The comparison that has been suggested with Sadeler's engraving after Sprangler's tribute to his dead wife confirms the memorial aspect of Bailly'S work, but serves to bring out the tremendous . difference between artistic modes. The Spangler is a work that engages a richly inventive allegorical mode, while Bailly's is one that instead displays craft.

I wish I could find a history of the interpretations of this painting!  Currently, every other interpretation on  the internet identifies the youthful artist as a self portrait and the attendant objects as symbols of mortality.  This makes more sense to me than Alpers' suggestion  that the young fellow is a student protégé of the older artist, and the objects are echoes of things the artist painted in earlier work.

Alpers interpretation may be a better fit for Bacon's notion of "experimentation", but it also may be unique to herself.  It certainly feels unlikely to me that the artist would combine references to his personal history with a portrait of a young,  un-identifiable student.

She might have placed  greater emphasis on the unusual variety of portraiture presented - including the sculpted bust and the  copy of the Hals - as well as that mysterious, ghost-like image peering through the half empty glass.  It seems no less a "richly inventive allegorical mode" than the Sprangler - just less conventional. (no putti)

What anger, envy, hate, or revenge can long torment his breast, whom not only the greatest, and noblest objects, but every sand, every pible, every grass, every earth, every fly can divert? (Thomas Sprat, from his history of the Royal Society)

Sprat here implicitly locates God in the details of His creation. Experiment with those details is thus grounded in creation itself.

I hope that with the picture before us and Sprat’s text at our side we can dispel the notion that Bailly’s painting is intended as a doctrinal assault on human pleasures in general and on the pleasures of craft in particular Yet it would surely be wrong to dispose in this way of the entire issue of mortality and transience that is raised by the paintings. From the rendering of each object to the ordering of the whole, Bailly keeps before our eyes the fact that this is but a picture - therein lies the ultimate fragility and transience. In a haunting way Bailly’s art seems to vie with the very fragility that it courts and admits. The consummation of his art produces bubbles, but bubbles as crafted that they will never burst. Transience is invoked less by the presence of emblems of vanity than by their status as crafted representations. Art is thus not challenged by a moral view, but lies at the very heart of that view. In saying this I am not making a modernist claim but one very much of the 17th Century. We can see Bailly’s Still Life as the pictorial version of a subtle yet powerful formulation of Bacon’s.

The inflated rhetorical style of Thomas Sprat is echoed in the Alpers' assertions - but they are not very convincing.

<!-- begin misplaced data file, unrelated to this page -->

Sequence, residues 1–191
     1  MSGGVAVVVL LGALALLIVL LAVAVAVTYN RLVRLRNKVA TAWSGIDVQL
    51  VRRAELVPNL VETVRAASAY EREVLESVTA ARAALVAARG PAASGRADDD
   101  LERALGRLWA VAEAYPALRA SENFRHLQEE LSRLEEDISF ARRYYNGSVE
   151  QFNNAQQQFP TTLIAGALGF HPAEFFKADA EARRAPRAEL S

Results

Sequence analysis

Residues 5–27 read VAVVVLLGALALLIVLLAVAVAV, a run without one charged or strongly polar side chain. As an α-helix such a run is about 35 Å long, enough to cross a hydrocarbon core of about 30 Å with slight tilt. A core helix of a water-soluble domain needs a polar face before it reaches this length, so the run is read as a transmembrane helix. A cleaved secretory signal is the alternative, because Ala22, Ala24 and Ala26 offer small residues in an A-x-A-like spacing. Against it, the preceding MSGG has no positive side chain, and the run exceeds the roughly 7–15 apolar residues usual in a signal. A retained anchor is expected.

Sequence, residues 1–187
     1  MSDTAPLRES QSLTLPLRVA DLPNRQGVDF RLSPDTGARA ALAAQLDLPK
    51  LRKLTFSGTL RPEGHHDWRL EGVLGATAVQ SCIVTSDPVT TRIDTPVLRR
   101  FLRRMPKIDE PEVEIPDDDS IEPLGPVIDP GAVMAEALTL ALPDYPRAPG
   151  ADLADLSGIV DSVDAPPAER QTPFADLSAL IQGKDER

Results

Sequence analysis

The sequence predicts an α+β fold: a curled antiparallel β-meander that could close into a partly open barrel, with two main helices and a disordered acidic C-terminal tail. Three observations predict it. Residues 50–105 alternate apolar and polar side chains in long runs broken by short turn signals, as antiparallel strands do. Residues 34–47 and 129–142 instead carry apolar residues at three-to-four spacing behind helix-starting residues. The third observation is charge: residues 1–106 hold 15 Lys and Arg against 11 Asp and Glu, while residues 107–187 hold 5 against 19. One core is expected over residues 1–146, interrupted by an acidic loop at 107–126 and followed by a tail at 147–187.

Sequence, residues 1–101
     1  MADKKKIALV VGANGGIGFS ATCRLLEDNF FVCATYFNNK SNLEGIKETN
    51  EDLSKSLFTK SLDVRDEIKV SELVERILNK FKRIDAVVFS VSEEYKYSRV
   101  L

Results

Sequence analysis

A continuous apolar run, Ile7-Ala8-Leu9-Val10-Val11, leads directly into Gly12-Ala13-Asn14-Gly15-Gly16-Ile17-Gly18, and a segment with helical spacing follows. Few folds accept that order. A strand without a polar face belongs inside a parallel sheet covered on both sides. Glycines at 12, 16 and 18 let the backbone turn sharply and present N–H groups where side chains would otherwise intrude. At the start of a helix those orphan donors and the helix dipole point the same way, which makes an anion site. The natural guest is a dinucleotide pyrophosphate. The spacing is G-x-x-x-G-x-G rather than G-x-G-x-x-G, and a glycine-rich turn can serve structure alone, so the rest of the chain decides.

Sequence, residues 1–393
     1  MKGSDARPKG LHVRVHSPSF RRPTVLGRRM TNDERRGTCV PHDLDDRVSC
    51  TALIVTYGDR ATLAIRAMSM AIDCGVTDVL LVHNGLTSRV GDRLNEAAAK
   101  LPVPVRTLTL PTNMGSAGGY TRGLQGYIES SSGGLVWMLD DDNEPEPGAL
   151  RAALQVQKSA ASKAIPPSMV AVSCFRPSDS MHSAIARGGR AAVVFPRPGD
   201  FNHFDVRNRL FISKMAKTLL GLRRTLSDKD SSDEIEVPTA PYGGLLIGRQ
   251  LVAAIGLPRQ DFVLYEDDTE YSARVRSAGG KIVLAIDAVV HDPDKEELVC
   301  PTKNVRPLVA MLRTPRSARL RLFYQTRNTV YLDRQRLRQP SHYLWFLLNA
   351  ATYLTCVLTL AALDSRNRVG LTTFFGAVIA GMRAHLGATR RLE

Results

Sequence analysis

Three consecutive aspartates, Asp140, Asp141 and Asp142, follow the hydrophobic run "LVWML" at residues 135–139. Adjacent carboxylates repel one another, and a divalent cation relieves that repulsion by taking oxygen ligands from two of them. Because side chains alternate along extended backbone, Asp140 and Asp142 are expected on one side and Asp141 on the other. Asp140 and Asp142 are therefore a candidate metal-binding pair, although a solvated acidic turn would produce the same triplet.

What did Bailly present in this painting to assure us that it is "but a picture" ? Did he do anything that could not be found in every other still-life from that era?   How does a "crafted representation" invoke transience more than permanence?

Alpers does not mention the visual effects of design, but there is the uncomfortable feeling that the clutter of  objects in this painting are draining down to  bottom center of it.  Rather than offering a contemplation on what is eternal, the design seems to despair for what is being swept away.

So I would agree that it is not a "doctrinal assault on human pleasures".  It's more like a cry of personal despair.


Bailly's painting belongs in the company of the other great seventeenth-century pictorial meditations on the relationship of craft and art, picture making and deceit: Velasquez Waterseller, his Spinners and Las Meninas, Vermeer's Art of Painting and Dou's Quack. Rather than calling such works pictorial meditations, we should follow Bacon's lead and call them pictorial experiments.

Gerritt Dou, "The Quack", 1651

The phony pharmacist is contrasted with the true artist shown in the window  behind him.

Looks like he's demonstrating a new product on an infomercial. (order now, and we'll send two at no extra charge!)

A rather disgusting reference to the quality of what is being sold

The true artist is in the shadows.

A demonstration of skillful mimicry.

Lust is also lurking in the shadows.

So are thieves.

The artist didn't have to make this table so worn and life like

Endless convolutions in the dead tree - contrasted with the living tree surrounding the artist

Yes, this painting might serve as a "pictorial meditations on the relationship of craft and art, picture making and deceit"

Though I  can only  enjoy it in these magnified areas of detail.  As a whole, it did not capture my attention at last year's trip to the National Gallery.  It feels too small, cutesy, and broken.  Norman Rockwell probably loved it.

Velazquez, Waterseller, 1618

On the other hand, this appears to be a great painting.  I can see why its young artist took it with him to promote his career at the royal court. 

It takes a simple, everyday subject and makes it feel majestic, profound, and timeless.